Government program helps preserve communities; serves as example for other states

Driving down main streets in many Nebraska communities offers a similar view – old, brick buildings line the street, interspersed among newer, modern facades. Some are well maintained while others are falling into disrepair – which some local residents are rallying to save.  

Years ago, these structures housed the offices of doctors, lawyers, and dentists on the second floor; while the main floor was home to hardware stores, clothing shops, bakeries, drug stores, and more. Every square inch was dedicated to continuing a thriving town economy.

Today, many of these buildings are home to businesses on the main floors, and there is a growing movement to restore the second floors to living spaces and offices.

In Nebraska, a statewide program is available to help communities revitalize their main streets and other historic areas of towns. This program also gives towns an opportunity to elevate their citizens’ quality of life by offering financial incentives to each participating entity.

The Certified Local Government program, formed by the Nebraska State Historic Preservation Office, a division of the Nebraska State Historical Society, strives to increase local preservation activities and link local governments with a national network of federal, state, and local organizations.

What does it mean to become a Certified Local Government?

Through this program, cities or counties are eligible for grants to assist local preservation programs.

“Becoming a Certified Local Government gives local governments another way to approach planning, zoning, and land use issues,” said Kelli Bacon, Certified Local Government coordinator and preservation archivist with the Nebraska State Historical Society. “It uses your local landmark process and survey programs’ ability to preserve structures that reflect your community's heritage.”

Certified Local Government partnerships encourage city or county governments, the Nebraska State Historic Preservation Office, and the National Park Service to work together on local preservation efforts.

“A sense of community pride, a sense of ownership in what happens to the community and its historic resources, and economic development, are all fostered through this program,” said Bacon.

A Certified Local Government also has the power to create local landmarks and write National Register of Historic Places nominations, which makes properties eligible for historic tax incentives if substantial rehabilitation occurs.

What can Certified Local Governments do with their grants?

Each year, a total of $90,000 to $110,000 is granted to current Certified Local Governments. The money can be used to help fund eligible projects including historic property surveys, design guidelines, preservation planning activities, public outreach, publications, walking/driving tour brochures, workshops, lectures, local conferences, National Register of Historic Places nominations, and training for commission members and staff.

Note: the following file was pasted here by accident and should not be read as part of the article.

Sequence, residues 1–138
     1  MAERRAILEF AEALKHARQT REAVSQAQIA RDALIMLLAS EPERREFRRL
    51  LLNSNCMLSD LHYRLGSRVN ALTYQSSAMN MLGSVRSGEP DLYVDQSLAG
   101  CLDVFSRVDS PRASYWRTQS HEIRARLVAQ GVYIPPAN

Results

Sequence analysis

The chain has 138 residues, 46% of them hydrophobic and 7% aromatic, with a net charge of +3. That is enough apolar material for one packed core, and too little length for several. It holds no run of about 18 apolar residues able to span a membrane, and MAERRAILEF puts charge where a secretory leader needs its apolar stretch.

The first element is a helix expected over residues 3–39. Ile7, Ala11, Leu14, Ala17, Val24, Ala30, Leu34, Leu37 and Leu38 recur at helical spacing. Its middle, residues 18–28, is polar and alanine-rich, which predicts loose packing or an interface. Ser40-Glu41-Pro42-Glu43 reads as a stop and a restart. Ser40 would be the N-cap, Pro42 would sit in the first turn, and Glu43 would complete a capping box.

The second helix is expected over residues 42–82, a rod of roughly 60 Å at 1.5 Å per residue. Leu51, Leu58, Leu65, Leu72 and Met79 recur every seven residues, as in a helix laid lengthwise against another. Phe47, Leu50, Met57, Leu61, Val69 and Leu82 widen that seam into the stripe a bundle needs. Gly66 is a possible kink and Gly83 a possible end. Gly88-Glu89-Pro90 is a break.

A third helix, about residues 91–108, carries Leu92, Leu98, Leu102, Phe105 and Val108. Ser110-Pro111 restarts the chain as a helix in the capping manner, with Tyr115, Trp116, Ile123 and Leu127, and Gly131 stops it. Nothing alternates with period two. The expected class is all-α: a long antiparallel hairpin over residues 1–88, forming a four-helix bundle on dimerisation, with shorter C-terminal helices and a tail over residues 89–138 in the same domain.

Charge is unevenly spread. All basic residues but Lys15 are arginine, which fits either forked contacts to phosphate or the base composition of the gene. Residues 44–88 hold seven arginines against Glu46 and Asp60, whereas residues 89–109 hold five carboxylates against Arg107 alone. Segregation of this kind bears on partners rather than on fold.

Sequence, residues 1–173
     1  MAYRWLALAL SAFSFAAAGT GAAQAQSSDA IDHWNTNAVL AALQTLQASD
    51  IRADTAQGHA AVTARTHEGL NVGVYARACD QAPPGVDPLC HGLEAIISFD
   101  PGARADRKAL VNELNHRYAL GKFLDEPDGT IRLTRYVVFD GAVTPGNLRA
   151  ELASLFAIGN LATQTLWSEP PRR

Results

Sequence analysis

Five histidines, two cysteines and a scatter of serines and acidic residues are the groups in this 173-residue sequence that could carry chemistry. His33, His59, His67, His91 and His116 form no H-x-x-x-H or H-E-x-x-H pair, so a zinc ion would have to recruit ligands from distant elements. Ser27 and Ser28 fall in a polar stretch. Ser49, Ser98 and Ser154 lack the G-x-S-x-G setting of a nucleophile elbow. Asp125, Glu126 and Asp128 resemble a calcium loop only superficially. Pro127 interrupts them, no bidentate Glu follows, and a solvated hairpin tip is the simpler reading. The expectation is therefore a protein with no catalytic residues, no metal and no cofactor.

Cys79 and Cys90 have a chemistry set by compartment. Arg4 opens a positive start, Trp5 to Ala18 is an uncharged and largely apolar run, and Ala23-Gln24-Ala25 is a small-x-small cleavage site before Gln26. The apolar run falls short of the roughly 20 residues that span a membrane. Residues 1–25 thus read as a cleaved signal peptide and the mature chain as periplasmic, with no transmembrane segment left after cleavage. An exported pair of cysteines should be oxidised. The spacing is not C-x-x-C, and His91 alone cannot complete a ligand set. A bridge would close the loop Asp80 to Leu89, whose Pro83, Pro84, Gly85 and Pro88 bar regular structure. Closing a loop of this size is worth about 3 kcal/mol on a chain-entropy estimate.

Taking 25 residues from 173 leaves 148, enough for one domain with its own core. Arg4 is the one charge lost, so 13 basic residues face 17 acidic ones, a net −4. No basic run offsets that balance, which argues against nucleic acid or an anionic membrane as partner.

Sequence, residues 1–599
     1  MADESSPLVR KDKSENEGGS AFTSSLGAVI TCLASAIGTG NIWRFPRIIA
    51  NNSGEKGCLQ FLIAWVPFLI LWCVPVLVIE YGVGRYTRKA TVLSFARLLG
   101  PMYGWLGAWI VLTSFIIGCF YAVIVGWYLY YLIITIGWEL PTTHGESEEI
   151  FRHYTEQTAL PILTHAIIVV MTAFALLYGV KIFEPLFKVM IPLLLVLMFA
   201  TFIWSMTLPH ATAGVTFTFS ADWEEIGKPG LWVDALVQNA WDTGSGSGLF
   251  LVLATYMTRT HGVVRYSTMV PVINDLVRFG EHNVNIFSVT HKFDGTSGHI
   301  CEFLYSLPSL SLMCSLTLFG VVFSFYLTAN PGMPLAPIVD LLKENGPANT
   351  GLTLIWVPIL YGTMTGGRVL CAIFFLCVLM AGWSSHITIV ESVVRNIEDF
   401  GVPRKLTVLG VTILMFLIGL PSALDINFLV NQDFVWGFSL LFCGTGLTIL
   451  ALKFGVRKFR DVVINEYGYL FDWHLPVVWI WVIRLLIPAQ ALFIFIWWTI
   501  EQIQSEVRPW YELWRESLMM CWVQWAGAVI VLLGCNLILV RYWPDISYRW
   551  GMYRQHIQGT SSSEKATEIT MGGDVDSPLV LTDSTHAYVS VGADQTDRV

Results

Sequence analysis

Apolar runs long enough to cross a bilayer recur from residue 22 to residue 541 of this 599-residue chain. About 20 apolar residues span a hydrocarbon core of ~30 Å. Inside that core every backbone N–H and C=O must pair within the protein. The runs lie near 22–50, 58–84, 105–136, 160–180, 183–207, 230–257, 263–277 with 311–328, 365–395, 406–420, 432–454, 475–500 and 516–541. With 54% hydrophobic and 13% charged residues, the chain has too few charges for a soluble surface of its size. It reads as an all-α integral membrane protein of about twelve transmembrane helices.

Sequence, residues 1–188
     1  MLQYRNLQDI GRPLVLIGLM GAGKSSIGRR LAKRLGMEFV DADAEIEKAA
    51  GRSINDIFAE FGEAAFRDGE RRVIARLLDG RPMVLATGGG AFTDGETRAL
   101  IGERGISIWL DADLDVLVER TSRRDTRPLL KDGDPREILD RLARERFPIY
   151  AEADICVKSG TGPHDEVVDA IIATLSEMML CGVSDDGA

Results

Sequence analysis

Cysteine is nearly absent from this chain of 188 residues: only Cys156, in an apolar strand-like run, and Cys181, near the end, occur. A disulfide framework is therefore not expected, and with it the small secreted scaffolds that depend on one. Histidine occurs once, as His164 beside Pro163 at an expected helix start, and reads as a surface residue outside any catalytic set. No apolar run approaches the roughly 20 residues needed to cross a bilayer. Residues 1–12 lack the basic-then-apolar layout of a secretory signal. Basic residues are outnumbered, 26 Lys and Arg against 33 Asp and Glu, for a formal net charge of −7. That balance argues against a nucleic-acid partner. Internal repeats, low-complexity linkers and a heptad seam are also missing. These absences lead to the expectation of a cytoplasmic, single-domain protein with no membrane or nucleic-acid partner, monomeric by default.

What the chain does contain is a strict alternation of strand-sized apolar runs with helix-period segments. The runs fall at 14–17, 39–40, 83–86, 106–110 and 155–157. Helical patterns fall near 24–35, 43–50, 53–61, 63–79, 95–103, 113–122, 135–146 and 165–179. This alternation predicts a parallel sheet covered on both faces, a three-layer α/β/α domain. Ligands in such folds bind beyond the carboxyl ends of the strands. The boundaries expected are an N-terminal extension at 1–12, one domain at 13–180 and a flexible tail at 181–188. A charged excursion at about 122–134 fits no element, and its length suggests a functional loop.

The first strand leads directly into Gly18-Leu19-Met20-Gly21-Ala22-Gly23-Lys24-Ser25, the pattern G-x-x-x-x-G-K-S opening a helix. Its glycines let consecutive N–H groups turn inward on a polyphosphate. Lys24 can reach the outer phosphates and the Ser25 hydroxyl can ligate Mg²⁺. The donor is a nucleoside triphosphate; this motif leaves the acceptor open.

Currently, Nebraska has eight Certified Local Governments including Auburn, Fairbury, Lincoln, North Platte, Omaha, Plattsmouth, Red Cloud, and Sidney.

The Auburn Historic Preservation Commission has applied for a couple of grants.

“Through those grants, we hired a consultant to formally create our local and national nomination,” said Kim Beger, administrative assistant with the City of Auburn. “We also used the funds to make historic preservation brochures for Auburn, and we’ve used the grant money to send commissioners to training.”

Historic preservation as an economic development tool

Not only do the historic preservation principles of a Certified Local Government community help enrich the quality of life of their citizens, they also use historic preservation as an important economic development, neighborhood revitalization, and tourism tool.

In Omaha, the main focus is the administration of the Landmarks Heritage Preservation Commission, historic resource surveys, and new National Register and Local Landmark listings.

“There are also local preservation groups and historians who we work with regularly as we process our daily activities,” said Jed Moulton, manager of urban design with the City of Omaha Planning Department.

How does your community become a Certified Local Government?

To qualify, a city or county must establish a historic preservation ordinance that includes protection for historic properties, create a preservation commission to oversee the preservation ordinance and the program, provide for public education and participation including nominating properties to the National Register of Historic Places, and conduct and maintain a survey and inventory of historic properties.

More information

For more information on becoming a Certified Local Government in Nebraska, contact:

Kelli Bacon
Certified Local Government coordinator/preservation archivist
Nebraska State Historical Society
State Historic Preservation Office
1500 R St.
PO Box 82554
Lincoln, NE 668501-2554
402.471.4766
kelli.bacon@nebraska.gov

Feature photo: North Platte is one of eight Certified Local Governments in Nebraska. Others are located in Auburn, Fairbury, Lincoln, Omaha, Plattsmouth, Red Cloud, and Sidney. | Photo by Rhea Landholm